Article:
Born to rule

Sumit Paul

A few years ago, Shreya Ghoshal was singing a Bengali number (her mother-tongue is Bengali). Lata Mangeshkar was also in the audience. After the programme, Ghoshal approached the legend to seek her blessings. Lata blessed her and said, ‘Aapne Bangla gaana bahut acchha gaya, lekin aapko abhi apni Bangla pe kaafi kaam karna hai’ (You sang the Bangla number well, but you still need to hone your skills in the language). Just imagine! A Maharashtrian stalwart nudging a native singer to improve her spoken Bengali!

Bangla affinity

Living legend Lata Mangeshkar is a perfectionist to the core. Reams have been written on Lata’s voice in rendering innumerable Hindi songs but only the very keen listeners are aware of the fact that Lata has sung in all Indian vernaculars and Bangla has been the language closest to her heart alongside her mother-tongue Marathi and Hindi. Lata is gifted with linguistic adaptability.

Hindi and Marathi are flat languages from the perspective of phonetics. But Bengali has an orotund circularity (like rasgulla). But she learnt and imbibed that like a native speaker and rendered songs in a circular language like a past master.

Ever thankful, Lata gave the credit to Hemant Kumar and Manna Day for polishing her Bangla. Hours of listening to LP records of Bangla songs helped her learn the nuances of the language.

Matching up

Listen to her Rahein na rahein hum mahka karenge... (Mamta). When Lata learnt that the song was to be picturised on the legendary Bengali actress Suchitra Sen, she studied her style of dialogue-delivery and realised that being a Bengali, Sen’s Hindi was not top-drawer.

Lata deliberately sang it with an extremely subtle Bangla tilt and lisp. Like Rafi, Lata would also observe the heroines to modulate her voice like them. Late Sadhna would vouch for this quality of Lata.

Urdu perfection

The same rigorous devotion helped her learn Urdu when her Yusuf bhai (Dilip Kumar, later her rakhi-brother) tauntingly told Naushad Ali, ‘Daal-chawal khane wali ladki Urdu bol paayegi kya?’ (Will a girl, weaned on daal-rice, enunciate Urdu words?).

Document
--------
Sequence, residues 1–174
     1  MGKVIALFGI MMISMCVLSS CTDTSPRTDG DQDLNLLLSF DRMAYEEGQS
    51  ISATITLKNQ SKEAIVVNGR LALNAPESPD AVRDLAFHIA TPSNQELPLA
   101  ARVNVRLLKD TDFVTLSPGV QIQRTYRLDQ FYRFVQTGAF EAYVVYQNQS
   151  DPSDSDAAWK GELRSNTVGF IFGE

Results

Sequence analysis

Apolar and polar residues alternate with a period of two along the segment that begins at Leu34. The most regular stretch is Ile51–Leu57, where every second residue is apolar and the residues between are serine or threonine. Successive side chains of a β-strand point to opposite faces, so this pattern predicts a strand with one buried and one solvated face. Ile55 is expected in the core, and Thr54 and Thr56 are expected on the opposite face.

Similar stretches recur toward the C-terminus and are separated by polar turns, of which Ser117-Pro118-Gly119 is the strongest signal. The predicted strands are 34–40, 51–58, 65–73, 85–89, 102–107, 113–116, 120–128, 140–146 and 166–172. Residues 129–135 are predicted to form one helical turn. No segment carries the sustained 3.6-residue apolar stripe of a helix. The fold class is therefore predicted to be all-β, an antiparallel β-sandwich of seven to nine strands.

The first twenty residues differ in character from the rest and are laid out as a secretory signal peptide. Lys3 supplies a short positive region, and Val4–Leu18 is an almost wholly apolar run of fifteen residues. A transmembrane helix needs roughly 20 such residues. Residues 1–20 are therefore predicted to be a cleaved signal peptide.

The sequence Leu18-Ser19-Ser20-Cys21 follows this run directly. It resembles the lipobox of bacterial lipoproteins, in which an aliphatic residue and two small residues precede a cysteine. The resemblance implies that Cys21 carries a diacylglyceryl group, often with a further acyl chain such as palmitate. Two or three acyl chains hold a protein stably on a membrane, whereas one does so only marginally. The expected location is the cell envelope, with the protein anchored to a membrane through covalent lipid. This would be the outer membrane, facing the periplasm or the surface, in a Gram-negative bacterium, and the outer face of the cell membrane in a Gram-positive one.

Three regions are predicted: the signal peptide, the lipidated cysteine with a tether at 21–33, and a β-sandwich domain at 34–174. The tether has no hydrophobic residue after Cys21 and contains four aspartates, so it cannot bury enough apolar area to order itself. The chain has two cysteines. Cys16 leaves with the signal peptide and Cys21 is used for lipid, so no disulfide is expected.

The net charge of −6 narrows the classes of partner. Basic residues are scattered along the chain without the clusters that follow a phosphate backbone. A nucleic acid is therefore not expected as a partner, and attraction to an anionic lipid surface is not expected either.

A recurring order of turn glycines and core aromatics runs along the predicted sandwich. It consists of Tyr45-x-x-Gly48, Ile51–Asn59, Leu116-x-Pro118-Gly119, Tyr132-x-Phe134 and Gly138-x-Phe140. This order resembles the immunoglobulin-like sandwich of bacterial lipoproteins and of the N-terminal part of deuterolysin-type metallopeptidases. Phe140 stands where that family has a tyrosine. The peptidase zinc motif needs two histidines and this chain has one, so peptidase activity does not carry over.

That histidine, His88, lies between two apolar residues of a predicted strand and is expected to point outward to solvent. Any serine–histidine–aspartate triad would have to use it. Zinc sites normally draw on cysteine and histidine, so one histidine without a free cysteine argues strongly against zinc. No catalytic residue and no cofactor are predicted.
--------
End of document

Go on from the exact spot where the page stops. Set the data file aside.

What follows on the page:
Dilip Kumar happily ate the humble pie when Lata began to converse with him in Urdu! She practised it for hours and spent time with ustaads of Urdu (Mian Kaamran Ali and Mahashar Warsi). Her few detractors may say that she hardly got full-fledged opportunities to showcase her command of Urdu while singing but her light filmi ghazals belie the claim of her critics.

The way she pronounces ghair (Not gair), ghalat, ghussa (all with ghain letter of Persian/ Arabic), none can dare say that her mother-tongue is other than Urdu.

Ghazal respectability

And when it comes to filmi ghazals, Lata in fact, lent respectability to this genre. Before that, filmi ghazals were never recognised by the purists who derogatorily called it ghazal ki autan (concubine/lesser wife of a ghazal).

But Lata, under the efficient and affectionate guidance of Madan Mohan Kohli, Khyyam and Ravi, transformed the ingrained negative perception regarding the ghazals in films. Who can forget her immortal ghazal Rasm-e-ulfat ko nibhaayein toh nibhaayein kaise... (Dil Ki Rahen) or that original full-fledged ghazal from Dastak (1970): Hum hain mata-e-koocha-o-baazar ki tarah...

Lata learnt the art of pausing in ghazals from Kamaal Amrohi and Madan Mohan. Though she has a delicate and dulcet voice (often deemed to be a trifle unsuitable for ghazals, needing daanedar or corrugated voice), she expiated that by a very sombre and sophisticated rendition.

Eerie factor

Do you know, Lata watched a semi horror movie prior to the recording of her most famous song among Indian women: Lag ja gale se phir (Woh Kaun Thi, Raja Mehdi Ali Khan/Music: Madan Mohan, 1964, Directed by-Raj Khosla). She wanted to create an eeriness through this song.

Practice continues

Though Lata has virtually stopped singing, her riyaaz is still uninterrupted. Fond of Urdu poetry, she loves Qateel Shifai and Ahmad Faraz’s Urdu poetry. Mehdi Hasan is still her favourite singer. By dint of sheer perseverance and talent, Lata reached the meridian of abiding fame.

Toxic episode

Do you know, in the early ’60s, Lata lost her voice for a few days? Someone apparently tried to poison her just like master Madan was poisoned. We are fortunate that she got back her estranged voice. May you have many more birthdays, Lataji.

(September 28 is the 90th birthday of Lata Mangeshkar)